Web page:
Remarks on the Lifetime Contributions to SF Scholarship Award 2020


SFRA Review, vol. 51, no. 3

From the SFRA 2021 Conference


Remarks on the Lifetime Contributions to SF Scholarship Award 2020

Amy J. Ransom


It has been an honor to serve on this committee for the past three years, especially chairing it this year and working with committee members Arthur B. Evans, Professor Emeritus of DePauw University and eminent editor of Science Fiction Studies, and Isiah Lavender, III, Sterling Goodman Professor of English at the University of Georgia.So frequently, as attested to by other presenters here, award committee service involves anguishing deliberation over a number of extremely and equally qualified candidates. This year, as Art, Isiah and I looked over the list of past recipients of the award formerly known as the Pilgrim, we noted a glaring absence! Our decision to add Veronica Hollinger, Professor Emerita of Trent University, to the list of individuals recognized for Lifetime Contributions to SF Scholarship, as the award has been renamed, for 2021, was quick, easy, and inevitable.

Veronica’s work has been on the cutting edge of SF scholarship since the beginning of her academic career, legitimating the genre by connecting it to rigorous theoretical turns, such as Baudrillard and postmodernism. As the field evolved, so did her approaches, feminist and queer theory, poststructuralism and the posthuman, and the anthropocene. Her recent review essay of several volumes on the latest thing in SF, plant studies—one of which was last year’s winner of the book award—attests to her consistent ability to identify new theoretical trends. Her several dozens of juried articles and book chapters treat writers and works that span the history of SF from Shelley’s Frankenstein and Wells’s Time Machine through James Tiptree, Jr., cyberpunk and Gibson and Sterling, to Margaret Atwood’s MaddAddam trilogy. Veronica is an essential contributor to reference works, an incontournable as we say in French, with key articles on feminist theory and sf, genre vs mode, and postmodernism in major scholarly handbooks. Indeed, one of her more recent texts appeared in Science Fiction Criticism: An Anthology of Essential Writings, and the number of her articles that has been reprinted attests to the ongoing relevance of her work. Her writing serves as a model for emulation, combining clarity and accessibility with theoretical rigour, a sense of humour, and the wry turn of phrase. As an editor, she is precise, thorough, insightful, and, again, rigorous.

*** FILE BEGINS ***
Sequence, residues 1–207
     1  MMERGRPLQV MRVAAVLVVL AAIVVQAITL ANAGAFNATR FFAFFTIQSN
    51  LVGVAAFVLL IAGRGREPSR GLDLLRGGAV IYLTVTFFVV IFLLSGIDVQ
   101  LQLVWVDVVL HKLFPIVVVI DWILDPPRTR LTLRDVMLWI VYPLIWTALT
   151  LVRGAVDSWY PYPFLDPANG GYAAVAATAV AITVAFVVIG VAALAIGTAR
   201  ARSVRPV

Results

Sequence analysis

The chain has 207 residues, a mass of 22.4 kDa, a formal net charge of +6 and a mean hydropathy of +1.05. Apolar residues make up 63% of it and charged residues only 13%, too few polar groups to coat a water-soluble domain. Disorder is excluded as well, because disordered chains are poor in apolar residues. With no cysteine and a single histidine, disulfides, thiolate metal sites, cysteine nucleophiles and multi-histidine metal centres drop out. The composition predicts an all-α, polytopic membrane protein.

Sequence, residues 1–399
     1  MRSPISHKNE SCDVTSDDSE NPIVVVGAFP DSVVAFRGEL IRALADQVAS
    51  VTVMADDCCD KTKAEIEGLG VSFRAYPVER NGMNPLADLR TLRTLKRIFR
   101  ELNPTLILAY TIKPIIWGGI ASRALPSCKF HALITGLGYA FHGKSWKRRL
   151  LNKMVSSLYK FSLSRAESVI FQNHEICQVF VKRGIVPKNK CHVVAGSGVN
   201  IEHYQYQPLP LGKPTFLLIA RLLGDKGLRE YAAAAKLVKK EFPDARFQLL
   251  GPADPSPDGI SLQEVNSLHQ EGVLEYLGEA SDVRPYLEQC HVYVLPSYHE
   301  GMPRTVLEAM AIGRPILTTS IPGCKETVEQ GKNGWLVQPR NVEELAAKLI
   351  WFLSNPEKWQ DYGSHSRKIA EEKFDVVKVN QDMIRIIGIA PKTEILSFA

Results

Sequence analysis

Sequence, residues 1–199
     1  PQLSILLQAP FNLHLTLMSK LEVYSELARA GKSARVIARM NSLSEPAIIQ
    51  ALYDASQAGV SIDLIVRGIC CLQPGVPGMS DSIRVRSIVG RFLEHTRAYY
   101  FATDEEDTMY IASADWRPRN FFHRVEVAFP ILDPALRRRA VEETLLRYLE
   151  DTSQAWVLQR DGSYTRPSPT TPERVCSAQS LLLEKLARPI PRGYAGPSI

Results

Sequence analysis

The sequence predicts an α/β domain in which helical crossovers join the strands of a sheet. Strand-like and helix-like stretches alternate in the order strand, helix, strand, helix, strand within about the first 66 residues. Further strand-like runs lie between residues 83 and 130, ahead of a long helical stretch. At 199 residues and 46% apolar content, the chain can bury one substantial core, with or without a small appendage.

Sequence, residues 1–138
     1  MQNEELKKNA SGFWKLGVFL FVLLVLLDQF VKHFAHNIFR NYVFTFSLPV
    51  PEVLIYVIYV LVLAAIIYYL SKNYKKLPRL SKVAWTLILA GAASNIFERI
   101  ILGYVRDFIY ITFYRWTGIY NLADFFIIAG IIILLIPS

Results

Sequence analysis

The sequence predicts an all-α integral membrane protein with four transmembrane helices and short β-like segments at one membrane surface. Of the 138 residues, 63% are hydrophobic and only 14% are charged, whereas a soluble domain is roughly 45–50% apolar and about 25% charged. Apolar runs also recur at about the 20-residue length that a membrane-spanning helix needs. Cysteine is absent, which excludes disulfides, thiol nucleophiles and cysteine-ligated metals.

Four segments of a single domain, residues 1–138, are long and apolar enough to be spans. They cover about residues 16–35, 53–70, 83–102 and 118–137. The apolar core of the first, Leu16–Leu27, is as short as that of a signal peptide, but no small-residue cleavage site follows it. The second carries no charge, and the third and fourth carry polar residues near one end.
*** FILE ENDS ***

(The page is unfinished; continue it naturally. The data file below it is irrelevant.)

In addition to the significant body of scholarship she has produced in her own right, Veronica’s roles as an editor—since 1990 a key member of Science Fiction Studies’s editorial team— and dissertation director should also be recognized. She has mentored the next generations of SF scholars, including myself. Her ability to “play well with others” is clear in her many collaborative projects, including the several books and special issues of journals she has co-edited. Veronica’s lifetime contributions to the field transcend the mere scholarly, as she brings humanity—in the best sense of the term—to all she does and to all she meets and works with. Congratulations, Veronica, and from all of us, sincerely, thank you.

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